Sometimes, it is the simplest of settings that offers up the sweetest of stories.
Such is the prose of Richard Russo, whose stories often focus on a combination of family, dysfunction, and the desire to be loved. His newest novel Everybody’s Fool is an unexpected sequel to his 1994 bestseller, Nobody’s Fool.
The Pulitzer Prize-winning author is headed to Wilmette this month for the public library’s wildly popular One Book, Everybody Reads program. We talked about the new book, his writing process, and the impact writing a memoir had on his life today.
Why the sequel?
For a long time now, I wanted to write a story based on an anecdote somebody told me a good decade ago. I filed it away and let it percolate—a chief of police who suspected his wife was having an affair because he found a garage door opener in her car that didn’t belong to them. He thought he could figure out who the person was by driving around and pointing the opener at doors to see which garage door opened. I just couldn’t imagine who’d be dumb enough to put such a plan in motion. And then I thought of Officer Raymer.
Do you get asked a lot about the characters of North Bath (the setting for Everybody’s Fool)?
I get that a fair amount. Usually, the book ends when the conflict ends. But that doesn’t end the interest in the characters. For me, I bring them to life and for that time they’re as real to me as anyone else in the world. And they’re good company for me.
There is a line very early on in Everybody’s Fool, talking about Miss Beryl’s acknowledgment of an implied writer—the you you become when you write. Do you adopt a different persona in your writing?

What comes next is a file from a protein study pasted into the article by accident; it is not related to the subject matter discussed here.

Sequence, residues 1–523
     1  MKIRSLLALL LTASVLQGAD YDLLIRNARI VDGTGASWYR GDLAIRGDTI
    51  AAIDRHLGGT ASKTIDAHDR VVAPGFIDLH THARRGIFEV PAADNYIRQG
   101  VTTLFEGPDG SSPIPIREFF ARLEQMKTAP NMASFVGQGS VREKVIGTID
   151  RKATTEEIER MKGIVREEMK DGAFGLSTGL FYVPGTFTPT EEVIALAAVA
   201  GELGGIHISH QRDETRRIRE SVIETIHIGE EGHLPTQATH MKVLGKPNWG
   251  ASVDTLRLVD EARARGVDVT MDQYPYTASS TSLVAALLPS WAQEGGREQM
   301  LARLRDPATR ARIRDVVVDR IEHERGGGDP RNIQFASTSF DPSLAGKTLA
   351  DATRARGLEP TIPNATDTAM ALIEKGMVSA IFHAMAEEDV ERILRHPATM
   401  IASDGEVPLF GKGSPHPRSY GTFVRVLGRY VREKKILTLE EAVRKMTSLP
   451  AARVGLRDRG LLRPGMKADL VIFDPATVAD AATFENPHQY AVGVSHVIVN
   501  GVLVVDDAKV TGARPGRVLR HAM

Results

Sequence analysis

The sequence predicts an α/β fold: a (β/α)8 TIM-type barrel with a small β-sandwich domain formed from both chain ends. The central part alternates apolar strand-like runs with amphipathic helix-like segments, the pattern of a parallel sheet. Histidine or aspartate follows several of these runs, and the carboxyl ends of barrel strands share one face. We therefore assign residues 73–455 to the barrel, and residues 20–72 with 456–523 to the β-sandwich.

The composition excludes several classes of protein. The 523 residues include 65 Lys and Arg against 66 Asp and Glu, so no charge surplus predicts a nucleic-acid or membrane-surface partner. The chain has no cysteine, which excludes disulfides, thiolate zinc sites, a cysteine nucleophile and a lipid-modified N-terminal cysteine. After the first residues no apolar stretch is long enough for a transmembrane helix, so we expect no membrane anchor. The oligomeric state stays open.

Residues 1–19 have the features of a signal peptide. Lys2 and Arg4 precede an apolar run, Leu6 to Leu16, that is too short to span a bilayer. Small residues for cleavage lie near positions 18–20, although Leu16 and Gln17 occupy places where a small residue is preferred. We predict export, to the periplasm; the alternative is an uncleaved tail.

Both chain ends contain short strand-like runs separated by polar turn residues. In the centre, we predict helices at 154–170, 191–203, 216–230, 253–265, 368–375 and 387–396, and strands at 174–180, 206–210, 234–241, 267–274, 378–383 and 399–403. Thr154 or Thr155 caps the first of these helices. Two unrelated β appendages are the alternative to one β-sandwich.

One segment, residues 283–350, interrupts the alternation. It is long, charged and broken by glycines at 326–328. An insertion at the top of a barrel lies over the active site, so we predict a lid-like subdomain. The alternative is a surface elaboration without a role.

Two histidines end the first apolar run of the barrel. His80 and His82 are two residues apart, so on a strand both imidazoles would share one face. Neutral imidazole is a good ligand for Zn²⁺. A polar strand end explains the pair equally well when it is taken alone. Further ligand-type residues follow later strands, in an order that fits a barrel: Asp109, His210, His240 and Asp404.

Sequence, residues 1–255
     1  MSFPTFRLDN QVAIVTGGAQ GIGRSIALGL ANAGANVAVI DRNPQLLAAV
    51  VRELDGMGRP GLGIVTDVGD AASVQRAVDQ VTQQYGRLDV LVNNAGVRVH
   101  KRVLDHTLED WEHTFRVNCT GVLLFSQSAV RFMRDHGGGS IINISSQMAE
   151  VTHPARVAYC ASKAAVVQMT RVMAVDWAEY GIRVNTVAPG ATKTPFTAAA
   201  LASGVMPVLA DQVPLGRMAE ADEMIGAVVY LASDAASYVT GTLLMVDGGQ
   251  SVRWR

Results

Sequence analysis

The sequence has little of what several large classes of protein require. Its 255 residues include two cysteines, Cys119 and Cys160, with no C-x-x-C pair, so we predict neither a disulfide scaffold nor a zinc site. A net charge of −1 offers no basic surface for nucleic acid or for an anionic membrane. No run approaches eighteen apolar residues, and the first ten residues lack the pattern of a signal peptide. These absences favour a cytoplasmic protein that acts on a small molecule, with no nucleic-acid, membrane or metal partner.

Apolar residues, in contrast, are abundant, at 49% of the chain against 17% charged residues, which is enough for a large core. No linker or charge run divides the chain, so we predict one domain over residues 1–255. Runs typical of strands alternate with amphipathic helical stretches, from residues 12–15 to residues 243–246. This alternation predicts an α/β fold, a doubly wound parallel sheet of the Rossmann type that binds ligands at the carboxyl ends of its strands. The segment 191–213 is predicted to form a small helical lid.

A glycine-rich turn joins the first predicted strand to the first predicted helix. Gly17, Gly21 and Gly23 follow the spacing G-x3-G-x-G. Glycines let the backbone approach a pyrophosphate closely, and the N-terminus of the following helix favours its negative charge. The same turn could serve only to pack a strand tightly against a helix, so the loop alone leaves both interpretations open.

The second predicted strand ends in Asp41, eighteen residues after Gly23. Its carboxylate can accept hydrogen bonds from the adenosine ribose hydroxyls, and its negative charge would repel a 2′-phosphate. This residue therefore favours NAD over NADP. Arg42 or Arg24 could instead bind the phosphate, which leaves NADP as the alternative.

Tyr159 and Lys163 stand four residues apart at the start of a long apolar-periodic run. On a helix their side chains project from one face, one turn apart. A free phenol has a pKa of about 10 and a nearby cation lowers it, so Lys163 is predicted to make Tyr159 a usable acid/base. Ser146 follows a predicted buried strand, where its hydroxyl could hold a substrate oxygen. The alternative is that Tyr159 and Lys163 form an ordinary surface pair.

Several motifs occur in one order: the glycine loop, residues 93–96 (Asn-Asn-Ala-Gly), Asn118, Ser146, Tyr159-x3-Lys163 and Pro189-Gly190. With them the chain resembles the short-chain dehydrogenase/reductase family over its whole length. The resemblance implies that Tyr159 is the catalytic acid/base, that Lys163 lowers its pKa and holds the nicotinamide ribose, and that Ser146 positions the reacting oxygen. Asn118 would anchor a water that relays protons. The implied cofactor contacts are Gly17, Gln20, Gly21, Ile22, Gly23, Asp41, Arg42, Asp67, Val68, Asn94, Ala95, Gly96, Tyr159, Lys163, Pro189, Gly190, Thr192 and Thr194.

I have learned over the years when I sit down to tell a story that I’m quite a different person as a writer than I am as a husband, father, or citizen. I don’t want to be mystical about it, but when I sit down to tell a story I navigate fictional worlds with far more authority and probably with more of a sense of optimism and humor than I am able to summon in daily life. To be able to have an omnipotent point of view, a God-like knowledge about these characters—when I sit down to write I have to have the hutzpah to know these characters better than they know themselves.
What do you enjoy most about the give and take with your readers?
I just hope they’re not too disappointed when they meet me and hear me and realize the best of me to offer is on the page. That said, when someone reads a book and loves it and wants to tell you how it impacted their lives, for me that’s the best thing—talking with people, they say the most wonderful things.
Your 2012 memoir Elsewhere was an NPR Best Book of the Year and drew back the curtain on life with a mentally ill parent (his mother). How did writing about that experience change or stay with you?
I think like so many things, it’s a continuum. She fought so bravely for so long and ultimately her demons got the best of her. And whenever she was struggling, it impacted her life and my life and of course my wife’s life and the lives of her friends and her grandchildren.
After writing the [memoir], what happened was the most difficult parts of that experience and struggle [with my mother’s illness] … a lot of that has fallen away now. It was certainly the most difficult book I’ve ever written, but the farther I get from those events, the more I can remember those parts of my mother’s life without as much of the pain. I can remember other things now, like her spirit of generosity and her wonderful sense of humor and that she was smart and brave. Now those memories are coming back. So in that sense it’s getting the parts of her I loved back again after so long.
Richard Russo will be at Wilmette Jr. High School, 620 Locust Road in Wilmette, on May 14 at 2 p.m. Tickets are not necessary for the event, and a book signing will take place following the program. Russo’s books, including Everybody’s Fool will be available for purchase. For more information about One Book, Everybody Reads, visit wilmettelibrary.info/onebook.